Kenshella Moss welcomed her first and only child in 2013. Her beautiful daughter Ja’Nyla Benson was born without complications. Within a few weeks of her birth, however, Kenshella noticed that Ja’Nyla’s eyes were yellow. Her pediatrician, recommended that she be exposed to sunlight and be fed formula every two hours.
When Ja’Nyla was seven weeks old, she developed severe diaper rash which prompted Kenshella to take her to the Emergency Room. Doctors at the Children’s Hospital of Michigan diagnosed her with jaundice and she was admitted to the hospital for further evaluation.
Ja’Nyla was seen by Namir Al-Ansari, M.D., gastroenterologist on staff, who upon further testing, found that she had biliary atresia, a life-threatening condition in infants in which the bile ducts inside or outside the liver do not have normal openings and damages the liver.
To treat her life-threatening condition, Raquel Gonzalez, M.D., surgeon on staff, performed a Kasai procedure to reconstruct the bile ducts and restore bile flow. Unfortunately, the treatment was unsuccessful.
“Patients with biliary atresia require prompt surgical referral as several prognostic factors have been implicated in the success of a Kasai portoenterosotomy. One such factor is the age at operative intervention. Ja’Nyla was operated at 8 weeks of age. Although a third of patients will exhibit restoration of bile drainage, two thirds of patients will eventually require a liver transplant, as was the case of Ja’Nyla,” says Dr. Gonzalez.
When the news came that Ja’Nyla should be evaluated for a liver transplant, Kenshella was in shock.
“I was so scared and remember crying nonstop for one week trying to comprehend what this meant for Ja’Nyla,” she says.
As shocking as the news was, Kenshella was extremely grateful to the doctors and in particular transplant coordinator, Susan Forest, pediatric nurse practitioner, who guided her through the process.
“Susan was instrumental in getting me through this. She explained the treatment and process very thoroughly and calmed my fears,” she says.
On Valentine’s Day of 2014, Ja’Nyla was placed on the liver transplant wait list. But her size was a concern and optimizing her nutrition was a key priority during the waiting period.
To maintain her placement on the liver transplant waiting list, she was given special formula to support growth and had to use a feeding tube that Kenshella learned to insert and manage. She also had to give Ja’Nyla 12 medications daily to manage her end stage liver disease and its many complications.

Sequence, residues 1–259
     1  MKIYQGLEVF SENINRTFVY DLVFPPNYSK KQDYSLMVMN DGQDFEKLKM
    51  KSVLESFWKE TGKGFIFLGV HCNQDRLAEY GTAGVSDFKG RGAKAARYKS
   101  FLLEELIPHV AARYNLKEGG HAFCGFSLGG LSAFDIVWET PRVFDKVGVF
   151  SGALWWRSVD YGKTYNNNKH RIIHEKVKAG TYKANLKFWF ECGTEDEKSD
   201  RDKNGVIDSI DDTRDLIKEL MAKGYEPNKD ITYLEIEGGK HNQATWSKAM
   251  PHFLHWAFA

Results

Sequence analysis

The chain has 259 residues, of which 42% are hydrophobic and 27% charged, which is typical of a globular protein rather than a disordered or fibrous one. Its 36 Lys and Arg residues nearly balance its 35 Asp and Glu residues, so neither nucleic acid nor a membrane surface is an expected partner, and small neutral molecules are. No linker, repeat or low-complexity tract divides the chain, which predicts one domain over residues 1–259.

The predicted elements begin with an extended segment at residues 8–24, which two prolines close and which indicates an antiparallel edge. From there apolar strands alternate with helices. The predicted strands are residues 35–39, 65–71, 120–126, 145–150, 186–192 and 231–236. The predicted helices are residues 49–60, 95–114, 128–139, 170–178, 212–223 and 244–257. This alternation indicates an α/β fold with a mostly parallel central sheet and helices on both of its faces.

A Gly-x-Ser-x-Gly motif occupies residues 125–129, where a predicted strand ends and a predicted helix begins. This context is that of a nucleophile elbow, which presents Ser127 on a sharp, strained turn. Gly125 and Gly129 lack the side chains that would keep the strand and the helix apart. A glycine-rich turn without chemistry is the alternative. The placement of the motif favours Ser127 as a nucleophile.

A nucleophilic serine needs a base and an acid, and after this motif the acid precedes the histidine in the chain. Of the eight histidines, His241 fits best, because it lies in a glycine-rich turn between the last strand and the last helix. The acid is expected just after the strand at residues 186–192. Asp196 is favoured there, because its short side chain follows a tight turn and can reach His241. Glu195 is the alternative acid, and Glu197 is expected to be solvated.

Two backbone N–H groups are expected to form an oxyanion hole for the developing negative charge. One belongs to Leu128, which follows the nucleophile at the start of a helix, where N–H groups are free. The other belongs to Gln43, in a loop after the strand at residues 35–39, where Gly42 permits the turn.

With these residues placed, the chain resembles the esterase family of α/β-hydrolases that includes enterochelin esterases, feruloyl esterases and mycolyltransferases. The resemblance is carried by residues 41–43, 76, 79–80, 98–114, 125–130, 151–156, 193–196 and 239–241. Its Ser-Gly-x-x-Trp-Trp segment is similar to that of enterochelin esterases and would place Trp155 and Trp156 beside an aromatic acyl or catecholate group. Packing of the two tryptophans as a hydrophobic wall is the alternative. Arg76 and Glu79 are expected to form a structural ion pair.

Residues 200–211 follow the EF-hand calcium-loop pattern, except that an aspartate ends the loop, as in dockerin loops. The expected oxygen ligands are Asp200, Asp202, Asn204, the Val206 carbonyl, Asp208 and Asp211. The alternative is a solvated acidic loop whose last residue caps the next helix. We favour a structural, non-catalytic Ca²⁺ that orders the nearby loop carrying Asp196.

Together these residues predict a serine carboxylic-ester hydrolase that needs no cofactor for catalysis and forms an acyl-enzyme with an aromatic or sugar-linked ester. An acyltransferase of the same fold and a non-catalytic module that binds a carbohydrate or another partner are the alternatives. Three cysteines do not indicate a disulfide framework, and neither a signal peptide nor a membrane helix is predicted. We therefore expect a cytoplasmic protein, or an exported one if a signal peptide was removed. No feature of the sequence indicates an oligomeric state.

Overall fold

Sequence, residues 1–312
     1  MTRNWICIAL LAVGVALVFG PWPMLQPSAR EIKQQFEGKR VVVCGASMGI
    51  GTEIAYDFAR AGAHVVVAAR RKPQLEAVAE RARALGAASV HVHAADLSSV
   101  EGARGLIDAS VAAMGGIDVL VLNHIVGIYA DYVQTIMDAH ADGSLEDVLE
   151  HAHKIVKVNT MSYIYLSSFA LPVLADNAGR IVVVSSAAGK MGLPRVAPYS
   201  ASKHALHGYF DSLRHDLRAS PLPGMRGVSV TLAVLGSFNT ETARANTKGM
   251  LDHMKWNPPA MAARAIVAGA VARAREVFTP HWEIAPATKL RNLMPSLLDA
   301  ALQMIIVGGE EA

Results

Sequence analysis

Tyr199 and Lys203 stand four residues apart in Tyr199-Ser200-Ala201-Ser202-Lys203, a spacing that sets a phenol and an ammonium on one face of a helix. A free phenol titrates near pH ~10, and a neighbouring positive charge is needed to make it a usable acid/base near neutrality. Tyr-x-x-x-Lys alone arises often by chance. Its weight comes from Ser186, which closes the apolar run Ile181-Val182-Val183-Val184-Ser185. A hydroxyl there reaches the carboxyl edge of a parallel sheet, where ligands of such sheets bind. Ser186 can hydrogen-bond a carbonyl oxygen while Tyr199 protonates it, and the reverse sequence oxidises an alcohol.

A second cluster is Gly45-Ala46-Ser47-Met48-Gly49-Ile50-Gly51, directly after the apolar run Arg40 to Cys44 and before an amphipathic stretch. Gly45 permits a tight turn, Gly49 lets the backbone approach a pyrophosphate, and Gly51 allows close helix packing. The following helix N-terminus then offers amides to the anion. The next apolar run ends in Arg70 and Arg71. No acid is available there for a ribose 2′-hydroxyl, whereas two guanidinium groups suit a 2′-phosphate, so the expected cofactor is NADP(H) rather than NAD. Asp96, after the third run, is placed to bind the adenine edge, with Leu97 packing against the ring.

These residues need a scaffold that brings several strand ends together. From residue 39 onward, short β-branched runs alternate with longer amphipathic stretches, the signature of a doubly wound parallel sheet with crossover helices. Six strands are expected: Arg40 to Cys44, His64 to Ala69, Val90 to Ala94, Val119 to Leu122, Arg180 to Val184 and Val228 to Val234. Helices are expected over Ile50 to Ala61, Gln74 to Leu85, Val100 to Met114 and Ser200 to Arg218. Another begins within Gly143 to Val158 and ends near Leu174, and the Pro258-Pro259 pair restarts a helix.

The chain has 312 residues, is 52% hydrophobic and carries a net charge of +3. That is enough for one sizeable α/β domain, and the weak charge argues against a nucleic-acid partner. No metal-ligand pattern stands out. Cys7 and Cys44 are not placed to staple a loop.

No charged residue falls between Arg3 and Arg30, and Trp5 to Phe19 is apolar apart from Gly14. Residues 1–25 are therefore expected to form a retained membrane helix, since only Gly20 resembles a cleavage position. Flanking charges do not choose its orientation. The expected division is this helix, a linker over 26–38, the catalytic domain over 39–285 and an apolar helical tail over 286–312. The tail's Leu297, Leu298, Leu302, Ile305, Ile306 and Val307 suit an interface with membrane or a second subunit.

“Building trusting relationships with parents is essential for us to be able to guide, support, and teach throughout all phases of transplantation. Kenshella’s relationship with our multidisciplinary team facilitated her ongoing learning and integration into daily life including the specialized and often demanding plan of care needed to prepare Ja’Nyla for a successful transplant. She rose to the difficult challenge and has truly been an inspiration,” Susan says.
On Christmas Eve, 2014, a call came that a suitable organ was available. Ja’Nyla received the gift of life on Christmas day, 2014.
“Without a liver transplant, two-thirds of infants with biliary atresia will die of complications of cirrhosis. Outcomes with liver transplantation are excellent, with the long term survival being greater than 80 percent,”says Kelly M. Collins, M.D., liver transplant surgeon.
Najeeb F. Zoubi, M.D. medical director, Pediatric Liver Disease and Transplant Program, who managed her treatment, says Ja’Nyla’s recovery was smooth.
“Within a short period of time she was playing, smiling, and laughing. It was very clear she was getting stronger. She will need to be on lifelong medications to prevent her body from rejecting the liver and will need to be monitored, but we expect her to be able to do everything that other kids her age would do,” Dr. Zoubi says.
“Liver transplantation saved her life. Having J’Nyla’s mom as an integral part of the team was crucial to the success of the procedure. She is truly a remarkable mother,” he adds.
After just two days of receiving her liver transplant, Ja’Nyla was sleeping on her stomach and was standing up after just two weeks.
“She was not able to do that before her transplant. Clearly the only thing holding her back was the liver. I’m so happy to say she is active, healthy and has a gift for making people happy,” says Kenshella.
Always an advocate for organ donation, Kenshella used this experience to volunteer for Donate Life and she encourages people to sign up as organ donors.
“My mother was an organ donor when she passed, so on so many levels I feel passionate about organ donation. As the campaign says ‘please donate your organs, heaven knows we need them here’.”
For further information visit www.childrensdmc.org/LiverDiseaseandTransplantProgram. To learn more about organ donation visit www.giftoflifemichigan.org/go/children.